Understandably, attending an important conference or event isn’t the same as attending it over a video conference. The case with tech conference attendees is no different.
It is not hard understand that realizing the potential and opportunities over a live streamed Global Marketing Summit cannot replace those of when attending the event in person. While it is quite difficult to quantify the results over an online event, the effects due to missed in-person events will be felt throughout 2020.
The increasing demand for remote conversations has brought the 5G technology in the highlight, evidently accelerating its use in the long term.
The 5G technology is known for its lightening connectivity speed, almost instantaneous communications, and enhanced connection density making it the perfect platform for flawless remote interactions—something that every top organization worldwide is striving for to achieve amid this drastic outbreak.
Telehealth and video and teleconferencing are two major areas worth focusing on for every enterprise now, while ever increasing dependency on remote treatments and interactivity will only add fuel to 5G’s growth.
The technical knowhow and practicality of revised digital SOPs have enabled physicians and doctors to diagnose and treat patients without asking them to come to hospitals, clinics, etc.
We already have witnessed the use of 5G in the battle against COVID-19. For instance, in January, China Telecom and telecoms ZTE created a 5G-driven system that facilitates online consultations and virus diagnoses by doctors located at West China Hospital to 27 other hospitals treating infected patients.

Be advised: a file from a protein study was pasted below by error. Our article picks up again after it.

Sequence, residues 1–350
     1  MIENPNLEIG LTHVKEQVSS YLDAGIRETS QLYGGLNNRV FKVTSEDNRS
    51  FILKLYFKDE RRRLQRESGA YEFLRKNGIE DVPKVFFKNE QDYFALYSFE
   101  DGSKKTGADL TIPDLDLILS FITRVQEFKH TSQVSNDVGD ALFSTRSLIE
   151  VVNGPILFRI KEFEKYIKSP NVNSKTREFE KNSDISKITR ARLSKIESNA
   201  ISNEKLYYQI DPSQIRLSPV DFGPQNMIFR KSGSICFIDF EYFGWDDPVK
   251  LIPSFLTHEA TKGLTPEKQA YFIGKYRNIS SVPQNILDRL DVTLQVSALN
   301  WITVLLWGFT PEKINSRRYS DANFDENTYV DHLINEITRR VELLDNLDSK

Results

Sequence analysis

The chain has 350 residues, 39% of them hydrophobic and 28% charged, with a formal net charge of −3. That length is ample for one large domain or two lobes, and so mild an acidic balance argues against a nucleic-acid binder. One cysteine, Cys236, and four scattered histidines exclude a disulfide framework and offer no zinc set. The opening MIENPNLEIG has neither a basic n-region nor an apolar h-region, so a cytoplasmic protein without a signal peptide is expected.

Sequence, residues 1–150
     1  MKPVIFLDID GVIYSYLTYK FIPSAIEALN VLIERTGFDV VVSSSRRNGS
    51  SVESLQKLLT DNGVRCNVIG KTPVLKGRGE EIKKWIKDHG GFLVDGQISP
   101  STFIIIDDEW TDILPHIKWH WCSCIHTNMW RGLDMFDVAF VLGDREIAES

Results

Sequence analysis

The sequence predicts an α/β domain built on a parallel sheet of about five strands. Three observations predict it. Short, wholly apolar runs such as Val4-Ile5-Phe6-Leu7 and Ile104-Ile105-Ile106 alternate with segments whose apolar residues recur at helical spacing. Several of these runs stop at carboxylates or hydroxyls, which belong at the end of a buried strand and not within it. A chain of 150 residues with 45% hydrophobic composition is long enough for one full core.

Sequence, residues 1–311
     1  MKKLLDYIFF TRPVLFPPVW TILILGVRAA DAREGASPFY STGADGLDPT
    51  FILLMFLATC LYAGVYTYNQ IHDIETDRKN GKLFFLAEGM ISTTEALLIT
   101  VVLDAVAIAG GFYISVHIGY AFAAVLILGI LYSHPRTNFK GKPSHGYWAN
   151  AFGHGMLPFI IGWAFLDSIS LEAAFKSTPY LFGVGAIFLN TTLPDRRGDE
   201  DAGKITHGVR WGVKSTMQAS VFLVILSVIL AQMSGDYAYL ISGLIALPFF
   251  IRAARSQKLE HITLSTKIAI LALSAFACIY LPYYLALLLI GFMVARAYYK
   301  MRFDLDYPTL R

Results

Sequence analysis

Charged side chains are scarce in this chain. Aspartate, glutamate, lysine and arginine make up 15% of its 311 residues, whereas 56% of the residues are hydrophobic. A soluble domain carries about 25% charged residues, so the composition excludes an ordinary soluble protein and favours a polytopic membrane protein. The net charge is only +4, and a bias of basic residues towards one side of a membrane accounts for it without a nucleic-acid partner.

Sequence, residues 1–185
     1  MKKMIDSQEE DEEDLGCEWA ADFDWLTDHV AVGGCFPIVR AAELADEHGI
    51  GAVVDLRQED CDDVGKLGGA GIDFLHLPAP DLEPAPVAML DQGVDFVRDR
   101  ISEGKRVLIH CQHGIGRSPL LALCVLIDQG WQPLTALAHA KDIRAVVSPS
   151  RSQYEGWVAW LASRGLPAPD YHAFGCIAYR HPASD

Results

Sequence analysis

Given the power of 5G in this regard and desperate times to reach concerned physicians and hospitals, we’re expecting more use and subsequent advancement in the 5G technology allowing further, more productive use in the future.
Video and teleconferencing
As stated above, the use of Zoom, Microsoft Teams, Google Hangout, Cisco Webex, are other top video and teleconferencing tools over the course of coronavirus pandemic has increased greatly for enterprises not happy with halting their routine proceedings.
Hence, we can safely conclude that such elevated reliance on enterprise video and teleconferencing applications will tempt people to give 5G more chance to dictate their routine work in times like these.
In short, 5G technology offers seamless interactions in real-time not possible with LAN and wireless networks at the moment.
The impact of Coronavirus for tech industry is yet to peak and be correctly measured at a comprehensive glance.
Even though the positives are far less and new at the moment, various mobile application developers can harness the opportunity to create powerful tools revolving around remote work facilitation and project management, digital health checkups and diagnoses, retail businesses and payments, and more.
Imran Abdul Rauf is a Digital Marketing Strategist, employed at CMOLDS, and specializes in content marketing, email marketing campaigns, lead generation, and other aspects of digital marketing. A content enthusiast by the day, and hardcore gamer by night, Imran is also a regular guest contributor at some of the top tech and digital marketing platforms.